The march will begin from the Merced Theatre at 10 a.m. and travel to McNamara Park. As parade-goers arrive at the park, they can enjoy a festival with free food and drinks, games with prizes, live performances and vendors.

“Everybody should come out and enjoy some culture and enjoy themselves,” Brooks said. “It’ll be a wonderful celebration.”

Before the parade, festivities will get started on June 17 at Gilbert Macias Park with a community day for families. Children up to age 5 can enjoy face painting, rock painting and a bounce house from 10 a.m. to 5 p.m.

The weekend will close out with another community park day on June 19 from 10 a.m. to 2 p.m. at Joe Herb Park.

This story was originally published June 13, 2022 5:00 AM.

Atwater council member supports in-person sports betting at California tribal casinos

When I saw a Google alert that I was opposing the tribal-backed, in-person, sports wagering measure set to be on the November ballot, it was news to me.No one had asked for my position, and certainly no one asked if they could use my name.I doubt it was the result of the No campaign’s dishonesty; I am sure it was a mistake. But if the world is wondering if you’re lying or just incompetent, you’re not in a good spot.For the record, I absolutely support ...

When I saw a Google alert that I was opposing the tribal-backed, in-person, sports wagering measure set to be on the November ballot, it was news to me.

No one had asked for my position, and certainly no one asked if they could use my name.

I doubt it was the result of the No campaign’s dishonesty; I am sure it was a mistake. But if the world is wondering if you’re lying or just incompetent, you’re not in a good spot.

For the record, I absolutely support the upcoming ballot measure that would allow in-person sports betting at tribal casinos. I’m not a gambler myself, but tribal casinos have proven to be good neighbors and huge economic drivers across the Central Valley.

Tribes are sovereign nations. They should be allowed to expand into sports betting on their land because it’s their land.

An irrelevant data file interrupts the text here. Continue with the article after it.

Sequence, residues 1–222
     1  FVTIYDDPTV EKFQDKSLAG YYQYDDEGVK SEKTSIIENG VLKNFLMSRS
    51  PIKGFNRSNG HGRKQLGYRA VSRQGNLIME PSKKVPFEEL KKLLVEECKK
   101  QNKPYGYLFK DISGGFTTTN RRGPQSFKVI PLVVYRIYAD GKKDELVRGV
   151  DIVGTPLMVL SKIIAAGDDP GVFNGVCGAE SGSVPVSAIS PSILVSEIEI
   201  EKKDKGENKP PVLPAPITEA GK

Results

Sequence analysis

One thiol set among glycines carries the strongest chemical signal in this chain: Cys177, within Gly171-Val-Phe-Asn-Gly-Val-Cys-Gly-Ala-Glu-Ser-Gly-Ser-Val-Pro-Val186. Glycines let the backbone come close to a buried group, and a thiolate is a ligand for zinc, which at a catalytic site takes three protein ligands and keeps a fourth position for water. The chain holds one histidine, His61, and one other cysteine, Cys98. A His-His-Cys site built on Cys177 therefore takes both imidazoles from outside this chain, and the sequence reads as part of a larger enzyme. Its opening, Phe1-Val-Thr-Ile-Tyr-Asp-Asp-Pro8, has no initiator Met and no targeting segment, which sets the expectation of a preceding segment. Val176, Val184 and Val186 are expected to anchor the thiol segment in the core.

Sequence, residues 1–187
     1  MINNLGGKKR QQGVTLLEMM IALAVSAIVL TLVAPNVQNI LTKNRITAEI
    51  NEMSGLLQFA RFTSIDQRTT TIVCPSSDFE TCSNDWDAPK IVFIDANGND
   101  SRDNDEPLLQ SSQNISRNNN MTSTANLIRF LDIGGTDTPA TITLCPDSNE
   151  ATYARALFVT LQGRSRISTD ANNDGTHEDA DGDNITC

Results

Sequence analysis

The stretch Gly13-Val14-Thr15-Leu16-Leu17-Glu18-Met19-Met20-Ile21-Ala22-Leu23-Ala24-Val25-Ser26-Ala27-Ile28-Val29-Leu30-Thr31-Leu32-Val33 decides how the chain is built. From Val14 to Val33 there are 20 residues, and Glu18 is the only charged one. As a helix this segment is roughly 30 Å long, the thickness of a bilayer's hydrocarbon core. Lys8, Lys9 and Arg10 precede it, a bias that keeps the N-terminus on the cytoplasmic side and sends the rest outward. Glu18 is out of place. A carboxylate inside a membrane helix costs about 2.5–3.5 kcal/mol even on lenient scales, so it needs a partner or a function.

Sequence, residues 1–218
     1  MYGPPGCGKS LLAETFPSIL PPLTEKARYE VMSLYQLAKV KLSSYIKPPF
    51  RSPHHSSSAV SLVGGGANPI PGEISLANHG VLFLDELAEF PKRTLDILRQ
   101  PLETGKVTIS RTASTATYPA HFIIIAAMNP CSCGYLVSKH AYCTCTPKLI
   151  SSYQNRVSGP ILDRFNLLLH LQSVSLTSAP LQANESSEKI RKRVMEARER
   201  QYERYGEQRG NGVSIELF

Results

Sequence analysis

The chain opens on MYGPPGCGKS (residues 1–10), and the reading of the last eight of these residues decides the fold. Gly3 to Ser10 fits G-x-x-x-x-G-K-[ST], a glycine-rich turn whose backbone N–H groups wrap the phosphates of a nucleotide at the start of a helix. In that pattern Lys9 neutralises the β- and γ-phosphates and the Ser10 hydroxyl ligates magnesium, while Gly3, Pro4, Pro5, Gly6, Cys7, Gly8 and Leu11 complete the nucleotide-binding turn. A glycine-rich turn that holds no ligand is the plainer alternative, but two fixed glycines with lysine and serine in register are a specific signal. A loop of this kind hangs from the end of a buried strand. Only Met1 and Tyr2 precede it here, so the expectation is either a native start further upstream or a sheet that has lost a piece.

Plus, the additional revenue will help tribes prosper, and the increased gaming activity will help businesses surrounding casinos and provide local jobs — this of course helps cities.

In-person sports betting at tribal casinos maintains a certain measure of control over who gets to place bets, unlike another measure, sponsored by out-of-state gambling corporations, which opens the door to underage sports gambling.

Online gambling would turn every computer, tablet and smartphone into a gambling machine. According to the National Council on Problem Gambling, online gambling is five times more addictive than in-person.

Anyone with kids should be alarmed by the possibilities.

I am also unconvinced by the online-gambling ballot measure’s claim that the public funds generated would solve homelessness.

Come on, seriously? More money has not proven to provide better results.

Every year California approves a record budget in spending and the results are minimal, at best.

We’re spending more on education, yet too many of our kids can’t read or engage in math and science at an adequate level. We’re spending on housing, but the housing crisis is worse than ever.

And don’t get me started on the bullet train. I am convinced there is no amount of money that could get that train running from San Francisco to Los Angeles, as voters were promised.

The state Lottery was supposed to fund education, and certainly some money has gone to schools. But more than anything, another massive bureaucracy was created, which has been rife with waste and mismanagement.

As for homelessness, we’ve spent $30 billion over the past five years, and yet homelessness is as bad as ever.

Why would this online gambling measure be any different?

Plus, it’s simply bad public policy to fund homelessness and mental health programs on the back of addictive online gambling, which will lead to further addiction and financial distress. And none of the funds are guaranteed to go to approximately 97 percent of California’s cities, including Atwater, and this would likely be yet another example of smaller cities being overlooked by the big cities.

I am skeptical of the online gambling measure. It would have negative consequences for kids and families and will not be a quick fix to homelessness.

However, I believe the tribal, in-person measure is one to support. I respect tribal sovereignty and have seen firsthand the contributions tribes make not only to their tribal members, but to neighboring communities.